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Human Rights in Ireland
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How new technology will end homelessness in Ireland

category international | miscellaneous | news report author Friday February 03, 2017 12:33author by Mack MacThomais Report this post to the editors

New advances in 3D printing technology will end food shortages and artificial land scarcity created by mono culture and conventional farming.

The recent census taken shows an alarming land distribution fact.Almost 50% of Ireland's limited landscape is owned by 10% of the population. The reasons given for this onesided dynamic is farming and food security.This has created a land scarcity which has seen thousands of Irish families without homes or land to feed themselves which was the prime fundamental at the centre of every uprising in Ireland since the 15th century. A new technological innovation in science is set to put an end to land agitation ,extortionate food price hikes and offers the opportunity of food security for all .

Food prices have increased in Ireland by 40 % since 2007.This compares to 15 % on the European continent. Combined with annual subsidies and grant allocations our land in the republic is failing to provide food security and prices in keeping with inflation. The reasons continually put forward for this shortcoming is never mismanagement but geography and as an island people we are restricted as to what can be achieved with our finite resources. The reality is we no longer have farmers but machine drivers,we no longer have land commission but corporation ,we therefore have a shortage of land and cannot house the people whom ancestors fought for it. We do however now finally have an an alternate solution that will go some way to changing this centuries old dynamic which is still steeped in the dark ages and feudal mindset.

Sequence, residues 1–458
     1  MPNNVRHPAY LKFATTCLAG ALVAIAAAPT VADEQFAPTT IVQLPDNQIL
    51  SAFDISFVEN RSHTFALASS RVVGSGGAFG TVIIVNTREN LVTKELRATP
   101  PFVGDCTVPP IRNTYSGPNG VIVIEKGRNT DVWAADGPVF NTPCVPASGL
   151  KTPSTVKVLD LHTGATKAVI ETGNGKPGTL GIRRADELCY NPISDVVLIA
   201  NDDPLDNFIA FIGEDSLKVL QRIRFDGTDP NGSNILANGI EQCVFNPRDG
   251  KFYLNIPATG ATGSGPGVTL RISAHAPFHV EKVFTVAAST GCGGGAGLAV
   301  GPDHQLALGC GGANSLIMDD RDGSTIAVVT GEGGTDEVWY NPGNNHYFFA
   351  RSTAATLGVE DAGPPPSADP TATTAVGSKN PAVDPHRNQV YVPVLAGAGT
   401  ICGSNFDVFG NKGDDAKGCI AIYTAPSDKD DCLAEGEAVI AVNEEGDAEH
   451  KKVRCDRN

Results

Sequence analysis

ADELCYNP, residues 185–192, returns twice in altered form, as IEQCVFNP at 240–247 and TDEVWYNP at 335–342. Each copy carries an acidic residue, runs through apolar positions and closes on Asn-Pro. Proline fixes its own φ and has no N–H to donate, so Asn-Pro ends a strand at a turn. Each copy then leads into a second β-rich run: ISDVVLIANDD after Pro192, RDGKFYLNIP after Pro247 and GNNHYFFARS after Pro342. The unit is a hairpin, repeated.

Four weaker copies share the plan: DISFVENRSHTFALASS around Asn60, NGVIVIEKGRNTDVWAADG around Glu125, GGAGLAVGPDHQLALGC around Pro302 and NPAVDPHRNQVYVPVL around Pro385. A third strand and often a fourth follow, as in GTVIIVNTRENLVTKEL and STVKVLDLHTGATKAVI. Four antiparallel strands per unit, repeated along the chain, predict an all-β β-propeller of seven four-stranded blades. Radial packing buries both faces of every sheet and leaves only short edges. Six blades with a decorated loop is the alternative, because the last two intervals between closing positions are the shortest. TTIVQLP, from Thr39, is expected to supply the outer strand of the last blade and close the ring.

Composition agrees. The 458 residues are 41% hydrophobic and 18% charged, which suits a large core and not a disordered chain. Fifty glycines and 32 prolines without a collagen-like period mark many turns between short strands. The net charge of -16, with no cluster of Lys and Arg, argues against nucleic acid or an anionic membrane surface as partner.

The emergence of 3D Bio printing has seen successful implants of animal DNA into yeast to produce any dairy product without the bacteria,hormones,animal suffering ,MRSA sweeping our hospitals and most importantly the theft of our land by a handful of machine drivers whom export the majority of the food produced and charge us in taxes to pay pay them subsidies to keep our land from the people.

This era of land attrition is coming to an end and it would be interesting to get the publics viewpoints on how they will feel about having such technology available in every county in Ireland. Seven billion people worldwide are no better off under globalisation and mono culture which was to end starvation worldwide. We can imagine ourselves better off in a republic in the 21 century however as bad as the landlordism of the 18 and 19 the century were we could house and feed ourselves without asking for permissions or permits.

Any innovation to restore the land of Ireland to the Irish people is most welcome and to end the current status quo where one group have grabbed all the land and can't make it work and another minority group have grabbed the market and can't make it work and are clearly on a crash collision course as the population of Ireland increases. As for the remaining 2.1 million Irish citizens whom have seen these two groups disenfranchise and squander our children's inheritance if 3D Bio Printing Food Technology ends their tyranny and oppression it is as welcome as the French were to the people in 1798. .

author by the technology is not the problempublication date Tue Feb 14, 2017 21:28Report this post to the editors

So this will "put an end to land agitation?" no technology can do that! exorbitant food prices are not due to the technology being used - it is due to uneven wealth distribution and access to resources, never mind profit orientated, as opposed to needs based, production.

Will '3D bio printing' be any less wastelful than current mass agriculture, where and under what circumstances are these printers who will 'feed everyone' be produced, where do the raw materials come from?

what about land being used to frack, for industrial production, mining and buring fossil fuels to produce electricity to run your '3D Printers?' where does the plastic, precious metals come from?

sounds like a plug of some technology you're invested in in some way or another

and what's with irish land for the irish? not everyone on this island identifies as irish and they have as equal right to the resources as anyone who does

try a vegetarian diet

 
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